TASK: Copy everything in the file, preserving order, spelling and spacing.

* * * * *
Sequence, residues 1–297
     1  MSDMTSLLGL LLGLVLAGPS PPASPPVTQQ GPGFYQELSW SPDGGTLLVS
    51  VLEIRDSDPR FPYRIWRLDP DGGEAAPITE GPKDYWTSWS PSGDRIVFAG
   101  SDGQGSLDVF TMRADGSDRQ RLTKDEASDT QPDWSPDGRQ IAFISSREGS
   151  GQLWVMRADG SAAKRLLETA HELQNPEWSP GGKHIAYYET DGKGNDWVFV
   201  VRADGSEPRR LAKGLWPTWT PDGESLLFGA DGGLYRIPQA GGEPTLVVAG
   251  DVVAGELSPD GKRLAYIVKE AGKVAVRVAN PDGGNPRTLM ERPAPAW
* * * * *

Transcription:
Sequence, residues 1–297
     1  MSDMTSLLGL LLGLVLAGPS PPASPPVTQQ GPGFYQELSW SPDGGTLLVS
    51  VLEIRDSDPR FPYRIWRLDP DGGEAAPITE GPKDYWTSWS PSGDRIVFAG
   101  SDGQGSLDVF TMRADGSDRQ RLTKDEASDT QPDWSPDGRQ IAFISSREGS
   151  GQLWVMRADG SAAKRLLETA HELQNPEWSP GGKHIAYYET DGKGNDWVFV
   201  VRADGSEPRR LAKGLWPTWT PDGESLLFGA DGGLYRIPQA GGEPTLVVAG
   251  DVVAGELSPD GKRLAYIVKE AGKVAVRVAN PDGGNPRTLM ERPAPAW